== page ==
Last week was the 4 year anniversary of Hannah’s placement with us. We don’t celebrate Gotcha Day, I’ve actually written about the reasons why here: http://www.theblessedbarrenness.co.za/one-year-anniversary-why-were-not-celebrating-gotcha-day/
So I’m not going to revisit why I we don’t celebrate Gotcha Day, but I did want to you about another common adoption sentiment that I wish people would stop using…
Your children are so blessed to have you.
I know when people say this, they mean well and they say it with the best of intentions, but here’s why it’s a problem for me:
For my children to be truly blessed, their original family unit would still be in tact. They would not be living with the burden (and ask any adoptee, there are a lot of complex thoughts, feelings and identity crisis’s) that go hand in hand with being adopted. A child placed for adoption, is in my opinion, a tragedy. There is so much loss in placement.
The only people blessed by adoption are adoptive parents.
I know I must be sounding so incredibly negative about adoption right now, and it’s not my intention to be negative, but I do want to present both sides fairly to you, readers. The only people in the adoption triad (birth parents, child & adoptive parents) are the actual adoptive parents, we are the ones that gain EVERYTHING while everyone else loses a little in the process. While adoption is so very joyful for us, it is also bittersweet knowing that there is an incredible amount of loss and heartbreak woven into the process.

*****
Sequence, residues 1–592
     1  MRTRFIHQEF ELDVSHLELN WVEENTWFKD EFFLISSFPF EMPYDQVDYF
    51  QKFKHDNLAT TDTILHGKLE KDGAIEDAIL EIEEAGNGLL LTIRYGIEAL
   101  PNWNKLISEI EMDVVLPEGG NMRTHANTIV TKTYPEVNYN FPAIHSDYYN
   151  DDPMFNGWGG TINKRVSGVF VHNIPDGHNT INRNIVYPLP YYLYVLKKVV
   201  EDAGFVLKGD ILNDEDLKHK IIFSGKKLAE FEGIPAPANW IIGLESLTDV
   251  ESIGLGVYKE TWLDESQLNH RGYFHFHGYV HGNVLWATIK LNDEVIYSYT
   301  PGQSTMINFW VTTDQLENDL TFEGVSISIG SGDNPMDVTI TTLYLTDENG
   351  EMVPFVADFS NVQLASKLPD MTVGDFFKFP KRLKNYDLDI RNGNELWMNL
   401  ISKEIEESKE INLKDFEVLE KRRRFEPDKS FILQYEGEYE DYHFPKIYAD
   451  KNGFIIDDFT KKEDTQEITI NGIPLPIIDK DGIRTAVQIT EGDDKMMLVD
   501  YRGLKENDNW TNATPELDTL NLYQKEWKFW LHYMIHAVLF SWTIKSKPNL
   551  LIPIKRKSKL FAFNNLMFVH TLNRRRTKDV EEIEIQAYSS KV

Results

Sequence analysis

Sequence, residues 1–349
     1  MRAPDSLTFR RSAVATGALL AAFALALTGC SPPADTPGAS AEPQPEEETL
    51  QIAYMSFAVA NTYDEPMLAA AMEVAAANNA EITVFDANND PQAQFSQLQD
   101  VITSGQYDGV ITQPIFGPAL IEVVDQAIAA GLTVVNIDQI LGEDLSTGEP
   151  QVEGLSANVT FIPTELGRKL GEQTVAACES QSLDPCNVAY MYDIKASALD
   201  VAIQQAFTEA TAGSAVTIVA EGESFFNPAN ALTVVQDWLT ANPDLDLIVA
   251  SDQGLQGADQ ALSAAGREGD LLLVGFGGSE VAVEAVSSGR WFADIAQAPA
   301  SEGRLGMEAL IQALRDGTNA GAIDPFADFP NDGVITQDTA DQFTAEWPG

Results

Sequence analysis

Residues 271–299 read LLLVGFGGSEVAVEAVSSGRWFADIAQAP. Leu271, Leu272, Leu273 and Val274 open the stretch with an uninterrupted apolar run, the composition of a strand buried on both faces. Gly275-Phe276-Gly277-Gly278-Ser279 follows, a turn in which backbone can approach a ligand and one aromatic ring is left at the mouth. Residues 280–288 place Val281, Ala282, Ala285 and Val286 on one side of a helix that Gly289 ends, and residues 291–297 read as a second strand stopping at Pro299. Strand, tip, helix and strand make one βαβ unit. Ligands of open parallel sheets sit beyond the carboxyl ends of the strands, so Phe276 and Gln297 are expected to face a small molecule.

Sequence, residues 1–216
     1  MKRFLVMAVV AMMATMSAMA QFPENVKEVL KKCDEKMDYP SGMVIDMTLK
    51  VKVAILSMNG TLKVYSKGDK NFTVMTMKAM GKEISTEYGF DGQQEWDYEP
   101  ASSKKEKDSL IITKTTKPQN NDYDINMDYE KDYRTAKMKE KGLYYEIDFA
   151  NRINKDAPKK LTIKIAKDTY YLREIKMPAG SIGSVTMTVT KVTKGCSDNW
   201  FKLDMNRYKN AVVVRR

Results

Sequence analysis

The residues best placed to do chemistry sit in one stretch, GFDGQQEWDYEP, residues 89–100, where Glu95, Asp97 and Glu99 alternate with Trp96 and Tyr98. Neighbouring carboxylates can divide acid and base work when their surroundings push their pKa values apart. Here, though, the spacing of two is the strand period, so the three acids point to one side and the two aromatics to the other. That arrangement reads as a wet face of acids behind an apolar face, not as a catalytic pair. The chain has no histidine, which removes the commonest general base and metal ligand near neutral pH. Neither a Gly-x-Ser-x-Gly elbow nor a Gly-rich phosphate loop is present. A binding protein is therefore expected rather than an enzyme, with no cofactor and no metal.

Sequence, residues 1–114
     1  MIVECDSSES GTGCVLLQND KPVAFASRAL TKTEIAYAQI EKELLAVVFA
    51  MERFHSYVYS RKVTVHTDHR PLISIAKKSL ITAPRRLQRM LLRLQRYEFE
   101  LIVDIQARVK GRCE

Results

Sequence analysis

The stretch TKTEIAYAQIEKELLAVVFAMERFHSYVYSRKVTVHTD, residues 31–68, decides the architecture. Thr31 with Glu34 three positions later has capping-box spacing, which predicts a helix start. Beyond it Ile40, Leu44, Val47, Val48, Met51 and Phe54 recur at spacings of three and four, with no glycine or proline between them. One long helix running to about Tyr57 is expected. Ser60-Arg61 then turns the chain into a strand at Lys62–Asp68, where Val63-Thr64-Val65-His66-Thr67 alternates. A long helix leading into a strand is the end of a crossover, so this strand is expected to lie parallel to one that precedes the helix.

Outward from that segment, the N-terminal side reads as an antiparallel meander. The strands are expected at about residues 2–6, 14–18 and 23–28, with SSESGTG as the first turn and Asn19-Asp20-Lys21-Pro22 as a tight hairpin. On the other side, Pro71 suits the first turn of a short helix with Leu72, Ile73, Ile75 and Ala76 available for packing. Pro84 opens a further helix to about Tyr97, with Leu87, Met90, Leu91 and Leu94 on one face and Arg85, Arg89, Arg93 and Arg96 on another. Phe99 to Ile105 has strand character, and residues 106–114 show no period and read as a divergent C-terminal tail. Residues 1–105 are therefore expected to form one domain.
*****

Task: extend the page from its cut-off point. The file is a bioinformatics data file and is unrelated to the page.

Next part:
The other sentiment I wish people would stop expressing to adoptive parents is…
Your children are lucky, you love them unconditionally.
I’ve never had a biological child, but I kind of assumed that that was what parenting involved, loving your child unconditionally first and foremost. And my children, my adopted daughters, are first and foremost JUST my children, I don’t think of them, on a daily basis as adopted, the only time I think of them as adopted is when complexities surrounding their placements come up and I have to act in their best interests, but first and foremost they are my children, as if my own flesh and blood and I can’t imagine any other way of loving them or parenting them without loving them unconditionally first.
At the end of the day, adoptive parents, like biological parents, are simply just parents.
Striving to give the best to their child, to raise them in a loving home with thought, care and discipline, growing them to adulthood where they can go on to be a legacy for who and what we are and contributing members of our society. Isn’t that what every parent wants for their child?
Disclaimer – this is in NO WAY a dig at anyone, simply and observation and some thoughts and feelings shared on how I feel about adoption. My primary reason for writing this was for our friends and family and perhaps if you have a friend or family member who has adopted, to simply be mindful of the messages sent while using adoption jargon.